Creator of the Apgar Score, Dr. Virginia Apgar on Google Doodle
Virginia Apgar’s test has saved millions of babies.
In the 1930s and 1940s, Dr. Virginia Apgar noticed something odd. Despite the US infant mortality rate decreasing overall, a high number of infants were still dying within 24 hours of birth.
The Apgar test examines:
Appearance (is the newborn a healthy color or blueish?)
Pulse (is it above or below 100 beats per minute, or undetectable?)
Grimace (what response does the baby make when reflexes are stimulated?)
Activity (how much are legs and arms moving?)
Respiration (how strong is the baby’s breathing?)
Each of these categories in Dr. Apgar’s test earns the baby between zero and two points, depending on the health of the response. The theoretical maximum is 10, but this is rare. An Apgar Score between 4 and 6 may mean some medical intervention is needed. An Apgar Score below four may mean resuscitation is needed. The Apgar test is conducted a minute after birth, and again four minutes later, in order to judge the effectiveness of intervention.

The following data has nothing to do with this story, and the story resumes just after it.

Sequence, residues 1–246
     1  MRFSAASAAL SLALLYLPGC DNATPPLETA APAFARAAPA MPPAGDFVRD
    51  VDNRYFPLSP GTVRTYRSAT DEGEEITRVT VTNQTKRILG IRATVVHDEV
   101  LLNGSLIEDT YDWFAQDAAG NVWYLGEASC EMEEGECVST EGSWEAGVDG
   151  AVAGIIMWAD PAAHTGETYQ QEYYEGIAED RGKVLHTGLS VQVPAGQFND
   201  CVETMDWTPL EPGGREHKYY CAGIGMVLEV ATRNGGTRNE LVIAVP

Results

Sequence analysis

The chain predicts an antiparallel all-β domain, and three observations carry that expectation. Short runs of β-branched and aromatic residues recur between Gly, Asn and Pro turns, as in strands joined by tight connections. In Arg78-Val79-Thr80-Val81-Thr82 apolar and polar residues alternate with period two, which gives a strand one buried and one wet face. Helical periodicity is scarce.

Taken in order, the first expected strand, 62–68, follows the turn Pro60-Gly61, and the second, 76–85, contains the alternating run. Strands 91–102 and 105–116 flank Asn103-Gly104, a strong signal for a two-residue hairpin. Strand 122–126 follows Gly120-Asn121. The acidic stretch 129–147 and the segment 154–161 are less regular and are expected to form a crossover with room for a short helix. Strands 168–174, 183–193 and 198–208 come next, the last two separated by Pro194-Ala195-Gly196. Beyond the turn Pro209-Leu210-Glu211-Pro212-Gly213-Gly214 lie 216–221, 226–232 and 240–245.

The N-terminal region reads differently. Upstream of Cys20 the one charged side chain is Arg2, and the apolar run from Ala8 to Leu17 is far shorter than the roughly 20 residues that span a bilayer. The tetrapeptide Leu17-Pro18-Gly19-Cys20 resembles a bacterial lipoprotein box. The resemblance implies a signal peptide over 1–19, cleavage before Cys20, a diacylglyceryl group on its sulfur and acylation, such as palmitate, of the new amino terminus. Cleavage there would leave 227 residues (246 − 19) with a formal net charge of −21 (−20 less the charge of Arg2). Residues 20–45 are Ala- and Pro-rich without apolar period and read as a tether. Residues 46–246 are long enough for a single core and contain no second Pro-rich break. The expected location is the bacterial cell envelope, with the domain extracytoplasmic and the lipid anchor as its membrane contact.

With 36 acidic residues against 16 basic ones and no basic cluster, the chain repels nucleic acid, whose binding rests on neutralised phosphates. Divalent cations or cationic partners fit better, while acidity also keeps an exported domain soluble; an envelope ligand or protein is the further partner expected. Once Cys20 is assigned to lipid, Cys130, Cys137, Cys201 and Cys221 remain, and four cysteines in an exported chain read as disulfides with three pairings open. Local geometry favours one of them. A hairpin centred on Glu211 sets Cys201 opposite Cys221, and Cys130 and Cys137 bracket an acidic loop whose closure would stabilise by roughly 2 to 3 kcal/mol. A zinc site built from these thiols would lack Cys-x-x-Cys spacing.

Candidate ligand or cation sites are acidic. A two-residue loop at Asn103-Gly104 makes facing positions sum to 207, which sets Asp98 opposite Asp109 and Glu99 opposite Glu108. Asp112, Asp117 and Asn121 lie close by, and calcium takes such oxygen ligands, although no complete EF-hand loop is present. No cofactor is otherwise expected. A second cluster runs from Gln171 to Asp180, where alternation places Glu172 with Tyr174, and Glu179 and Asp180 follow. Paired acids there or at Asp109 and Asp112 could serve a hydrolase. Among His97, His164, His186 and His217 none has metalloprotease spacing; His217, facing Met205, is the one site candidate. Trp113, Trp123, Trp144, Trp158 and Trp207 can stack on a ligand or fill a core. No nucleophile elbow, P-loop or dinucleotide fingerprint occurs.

Dr. Apgar developed the test after noticing that, even though the general U.S. infant mortality rate fell between the 1930s and 1950s, it remained constant for babies within the first day of life.
Apart from developing her famous scoring exercise, Dr. Apgar was a notable advocate for universal vaccination in order to combat the rubella epidemic of the mid-Sixties. In her later years, she worked for March of Dimes, a non-profit founded by President Franklin Roosevelt that initially targeted polio but went on to focus on the prevention of birth defects.
Even before she developed the Apgar Score, Dr. Apgar had already become the first female full professor at the Columbia University College of Physicians and Surgeons. She received a master’s degree in public health from Johns Hopkins University in 1959, and was a director at the National Foundation for Infantile Paralysis, which is know known as the March of Dimes.
She died at the age of 65 from liver cirrhosis, and in 1995 was inducted into the National Women’s Hall of Fame.